Wednesday, August 23, 2017

Bell 206B, N6259C, Helicopter Parts International Inc: Accident occurred August 20, 2017 at Minden–Tahoe Airport (KMEV), Douglas County, Nevada

Additional Participating Entity:
Federal Aviation Administration / Flight Standards District Office; Las Vegas, Nevada

Aviation Accident Factual Report - National Transportation Safety Board:

Investigation Docket - National Transportation Safety Board:

Helicopter Parts International Inc:

NTSB Identification: GAA17CA495
14 CFR Part 91: General Aviation
Accident occurred Sunday, August 20, 2017 in Minden, NV
Aircraft: BELL 206, registration: N6259C
Injuries: 5 Uninjured.

NTSB investigators used data provided by various entities, including, but not limited to, the Federal Aviation Administration and/or the operator and did not travel in support of this investigation to prepare this aircraft accident report.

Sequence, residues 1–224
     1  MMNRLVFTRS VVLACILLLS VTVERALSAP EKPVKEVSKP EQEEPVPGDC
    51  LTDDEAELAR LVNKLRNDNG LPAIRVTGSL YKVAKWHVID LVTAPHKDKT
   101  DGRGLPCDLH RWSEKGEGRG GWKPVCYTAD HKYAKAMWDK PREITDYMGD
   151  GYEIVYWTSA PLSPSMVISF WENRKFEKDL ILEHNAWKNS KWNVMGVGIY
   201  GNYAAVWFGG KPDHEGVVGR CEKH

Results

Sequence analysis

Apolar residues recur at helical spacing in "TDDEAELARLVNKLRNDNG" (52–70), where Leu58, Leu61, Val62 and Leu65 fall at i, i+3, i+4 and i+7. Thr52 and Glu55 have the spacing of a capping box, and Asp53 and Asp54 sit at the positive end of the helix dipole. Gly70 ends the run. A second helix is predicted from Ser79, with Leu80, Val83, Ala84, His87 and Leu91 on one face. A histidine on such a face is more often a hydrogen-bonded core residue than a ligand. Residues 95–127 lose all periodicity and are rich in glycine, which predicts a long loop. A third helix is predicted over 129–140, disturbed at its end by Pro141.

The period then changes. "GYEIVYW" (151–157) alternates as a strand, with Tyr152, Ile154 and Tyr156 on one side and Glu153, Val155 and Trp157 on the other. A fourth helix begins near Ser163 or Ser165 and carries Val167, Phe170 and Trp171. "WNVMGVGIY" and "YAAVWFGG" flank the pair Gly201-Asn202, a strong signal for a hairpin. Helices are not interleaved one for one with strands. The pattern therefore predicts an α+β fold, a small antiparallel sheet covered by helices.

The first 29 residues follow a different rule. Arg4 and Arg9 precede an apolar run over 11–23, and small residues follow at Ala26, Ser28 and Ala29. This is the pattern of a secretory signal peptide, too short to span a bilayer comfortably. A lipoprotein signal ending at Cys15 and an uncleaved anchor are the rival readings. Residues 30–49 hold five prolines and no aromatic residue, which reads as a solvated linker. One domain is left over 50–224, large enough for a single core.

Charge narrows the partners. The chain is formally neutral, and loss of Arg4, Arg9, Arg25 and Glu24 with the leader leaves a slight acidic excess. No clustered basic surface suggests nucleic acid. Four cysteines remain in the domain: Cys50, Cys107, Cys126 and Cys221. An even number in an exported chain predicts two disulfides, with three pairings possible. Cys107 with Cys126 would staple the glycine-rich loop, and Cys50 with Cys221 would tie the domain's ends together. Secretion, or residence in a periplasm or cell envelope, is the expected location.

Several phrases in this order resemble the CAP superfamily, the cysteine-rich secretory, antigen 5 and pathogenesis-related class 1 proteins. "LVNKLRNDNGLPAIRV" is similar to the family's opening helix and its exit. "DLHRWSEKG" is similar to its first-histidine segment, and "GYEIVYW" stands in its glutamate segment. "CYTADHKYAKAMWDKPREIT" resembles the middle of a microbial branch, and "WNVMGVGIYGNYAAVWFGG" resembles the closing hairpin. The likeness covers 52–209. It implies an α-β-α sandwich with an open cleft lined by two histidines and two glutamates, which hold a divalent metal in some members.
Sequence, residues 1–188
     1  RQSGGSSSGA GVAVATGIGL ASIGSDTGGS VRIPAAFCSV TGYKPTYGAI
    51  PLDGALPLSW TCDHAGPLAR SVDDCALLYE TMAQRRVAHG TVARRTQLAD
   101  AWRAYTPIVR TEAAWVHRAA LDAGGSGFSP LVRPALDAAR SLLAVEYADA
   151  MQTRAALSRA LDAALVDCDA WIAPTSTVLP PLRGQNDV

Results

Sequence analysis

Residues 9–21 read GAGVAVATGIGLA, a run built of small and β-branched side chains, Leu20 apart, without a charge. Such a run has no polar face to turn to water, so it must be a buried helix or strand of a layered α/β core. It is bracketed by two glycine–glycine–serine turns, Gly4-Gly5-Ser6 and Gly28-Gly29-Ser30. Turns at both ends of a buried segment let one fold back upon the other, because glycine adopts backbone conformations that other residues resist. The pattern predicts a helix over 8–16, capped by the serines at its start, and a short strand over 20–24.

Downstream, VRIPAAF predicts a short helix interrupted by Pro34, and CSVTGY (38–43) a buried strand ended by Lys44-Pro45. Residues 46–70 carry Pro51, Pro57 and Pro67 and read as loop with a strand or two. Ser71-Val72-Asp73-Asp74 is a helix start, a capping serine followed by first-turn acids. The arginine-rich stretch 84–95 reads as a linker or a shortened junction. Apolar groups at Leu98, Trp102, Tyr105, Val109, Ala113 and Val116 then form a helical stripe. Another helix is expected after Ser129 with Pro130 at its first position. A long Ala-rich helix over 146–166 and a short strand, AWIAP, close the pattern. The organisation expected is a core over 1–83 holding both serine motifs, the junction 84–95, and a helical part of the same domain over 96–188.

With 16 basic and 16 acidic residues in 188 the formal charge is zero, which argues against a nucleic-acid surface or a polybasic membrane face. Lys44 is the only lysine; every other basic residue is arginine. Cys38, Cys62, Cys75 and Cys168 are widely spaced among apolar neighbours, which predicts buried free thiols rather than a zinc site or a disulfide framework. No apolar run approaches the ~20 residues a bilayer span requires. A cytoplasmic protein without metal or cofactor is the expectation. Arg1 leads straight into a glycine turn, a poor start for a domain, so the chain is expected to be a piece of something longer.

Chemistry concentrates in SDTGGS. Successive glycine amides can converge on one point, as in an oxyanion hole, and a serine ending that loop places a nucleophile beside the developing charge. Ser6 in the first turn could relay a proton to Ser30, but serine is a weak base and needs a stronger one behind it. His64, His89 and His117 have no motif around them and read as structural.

The pilot of the helicopter reported that, during landing, the helicopter "encountered LTE [loss of tail rotor effectiveness]". He added that he maneuvered the helicopter to an open field adjacent to the intended helipad and the tail rotor impacted a barbed wire fence.

The helicopter sustained substantial damage to the empennage.

The pilot reported that there were no preaccident mechanical failures or malfunctions with the helicopter that would have precluded normal operation.

Federal Aviation Administration's Helicopter Flying Handbook, FAA-H-8083-21A, contains a section titled "Loss of Tail Rotor Effectiveness (LTE)" which states:

Loss of tail rotor effectiveness (LTE) or an unanticipated yaw is defined as an uncommanded, rapid yaw towards the advancing blade which does not subside of its own accord. It can result in the loss of the aircraft if left unchecked. It is very important for pilots to understand that LTE is caused by an aerodynamic interaction between the main rotor and tail rotor and not caused from a mechanical failure. Some helicopter types are more likely to encounter LTE due to the normal certification thrust produced by having a tail rotor that, although meeting certification standards, is not always able to produce the additional thrust demanded by the pilot.

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